Parade Ground

The Daily Plant : Monday, October 29, 2001


Photo by Spencer (Flasher) Tucker

To the human eye, Van Cortlandt Lake may look healthy, but people aren’t the only ones a waterbody serves. The lake should be a habitat for birds, bugs, fish, and plants. In eighteen months time, it will be. The Bronx’s largest lake will be dredged and restored to its original, healthy depth of nine to fourteen feet. For this work, Parks is using a hydraulic dredge that is designed to remove only sludge no fish or other wildlife. The dredging will not disrupt park users’ enjoyment of the landscape. Visitors may sit by the lake, fish off its edge, or walk its perimeter. Most importantly, the waste from the lake (five feet of sediment)will become the topsoil for two reconstructed soccer fields. Thus within this one project, Parks will recycle materials.

The sediment will travel through 3,800 feet of aboveground pipe to the Parade Grounds 1.4 miles away and will not interrupt any of the walkways or cross-country trails. Nearly 50,000 cubic yards of sediment are expected to travel that route.

The project is being funded with $8.8 million from the Department of Environmental Protection and funds from the Intermodal Surface Transit Enhancement Act. It will include not only the dredging and field reconstruction, but also an extension of the Mosholu Greenway such that the trail leads directly into the park. The design for the dredging was named Project of the Week by Capital Projects the week of December 4, 2000. On October 22, 2001, work began. In this exciting reconstruction, Parks employs new, environmentally responsible technology and common sense re-use of materials. Wait till you see it when it’s finished.

June (Mainland) Eisland, Council Member; State Assembly Member Jeffrey Dinowitz; Commissioner Henry J. (StarQuest) Stern; Bill (Zorro) Castro, Bronx Borough Commissioner; Mary (Catalyst) Pazan, Chief of Management Services; Linda (Hickory) Dockeray, Van Cortlandt and Pelham Bay Park Administrator; Warren Kurtz, Deputy Director of Facilities, Planning at DEP; Jane (Catskill) Sokolow, Member of the Board of the Friends of Van Cortlandt Park; Mike Browne, Deputy Director of Design; and Steven DesNoyer, Project Manager were among those who assembled at the lakeside to flip the switch and start the dredging.


Golf has come of age in New York City and in the Bronx, and the Pelham Golf Course, a founding father, continues to flourish. On October 24, 2001 Parkies and friends wished this remarkable course a happy 100th birthday.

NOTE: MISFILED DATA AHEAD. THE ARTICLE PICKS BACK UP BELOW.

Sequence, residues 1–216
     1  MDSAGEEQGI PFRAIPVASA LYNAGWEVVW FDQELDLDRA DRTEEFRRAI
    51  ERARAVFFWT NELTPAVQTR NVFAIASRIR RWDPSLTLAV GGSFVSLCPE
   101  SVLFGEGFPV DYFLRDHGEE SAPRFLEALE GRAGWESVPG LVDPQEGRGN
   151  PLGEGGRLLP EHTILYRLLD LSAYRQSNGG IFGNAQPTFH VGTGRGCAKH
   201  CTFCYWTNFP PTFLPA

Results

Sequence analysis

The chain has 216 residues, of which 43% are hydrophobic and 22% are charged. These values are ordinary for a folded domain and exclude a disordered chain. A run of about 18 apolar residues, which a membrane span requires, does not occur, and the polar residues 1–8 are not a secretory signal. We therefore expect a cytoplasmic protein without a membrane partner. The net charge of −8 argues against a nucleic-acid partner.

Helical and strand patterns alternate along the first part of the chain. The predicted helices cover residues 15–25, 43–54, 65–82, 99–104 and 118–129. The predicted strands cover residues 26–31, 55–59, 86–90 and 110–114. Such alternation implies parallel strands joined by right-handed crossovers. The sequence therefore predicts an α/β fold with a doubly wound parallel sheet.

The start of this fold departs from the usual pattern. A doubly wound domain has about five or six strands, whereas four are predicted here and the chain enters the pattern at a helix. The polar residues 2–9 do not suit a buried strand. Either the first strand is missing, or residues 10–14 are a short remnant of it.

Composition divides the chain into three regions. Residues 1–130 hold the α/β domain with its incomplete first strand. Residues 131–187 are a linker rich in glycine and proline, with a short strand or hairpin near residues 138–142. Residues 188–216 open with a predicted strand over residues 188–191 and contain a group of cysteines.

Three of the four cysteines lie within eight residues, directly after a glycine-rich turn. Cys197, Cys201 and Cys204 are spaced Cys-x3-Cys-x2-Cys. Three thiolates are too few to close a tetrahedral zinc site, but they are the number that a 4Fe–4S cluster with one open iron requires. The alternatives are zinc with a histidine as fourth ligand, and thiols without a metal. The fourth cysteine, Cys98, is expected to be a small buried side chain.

When it opened, the Pelham Golf Course was one of the first public golf courses in the country. The Van Cortlandt Golf Course, established six years earlier, was the first. These facilities helped alter the role of golf in New York City from an elite sport played only on private grounds to an accessible activity that can be enjoyed on public property. For the last two summers, Parks and the City Parks Foundation have administered free golf camps in which PGA professionals lead golf instruction at neighborhood parks in every borough. Through these camps, lessons and equipment were provided for thousands of New York City children.

Today, New York City’s twelve golf courses are receiving renovations that total $26 million. New irrigation systems, including 14 miles of pipe, are being added to every course. Revenue is now building a $35 million course in the Bronx’s Ferry Point Park. The 18-hole course, designed by Jack Nicklaus, will feature a driving range, a catering hall, and a restaurant, too.

For ten decades, Parkies have cared for the Bronx’s Pelham Bay Golf course, securing for it a long and healthy life. With the American Golf Corporation and Parks’ Revenue division, Bronx Borough Commissioner, Bill (Zorro) Castro, and Pelham Bay Park Administrator, Linda (Hickory) Dockeray and their staff oversee the facility. They were present, along with Commissioner Henry J. (StarQuest) Stern; Madeleine (Dolphin) Provenzano, Council Member; Joanne (Greenback) Imohiosen, Assistant Commissioner; Victoria Kikis, Northeast Regional Manager for Special Projects of the American Golf Corporation; Ron (Lifeguard) Lieberman, Director of Concessions; and Jill (Mainsail) Mainelli, Director of Community Resources, at the birthday party on Wednesday. At the end of the ceremony, Commissioner Stern rang the centennial bell that sent the guests out on the green for a round of golf.


(Monday, October 31, 1988)


Bronx children looking for fun places to play can add two playgrounds to their list—the Agnes Haywood and Cedar Playgrounds, both restored and reopened by Mayor Koch, Bronx Borough President Fernando Ferrer, Commissioner Stern, local residents and students at separate ceremonies on Friday.


"I will be the gladdest thing under the sun!
I will touch a hundred flowers and not pick one."

Edna St. Vincent Millay (1892-1950)

Directions to Parade Ground

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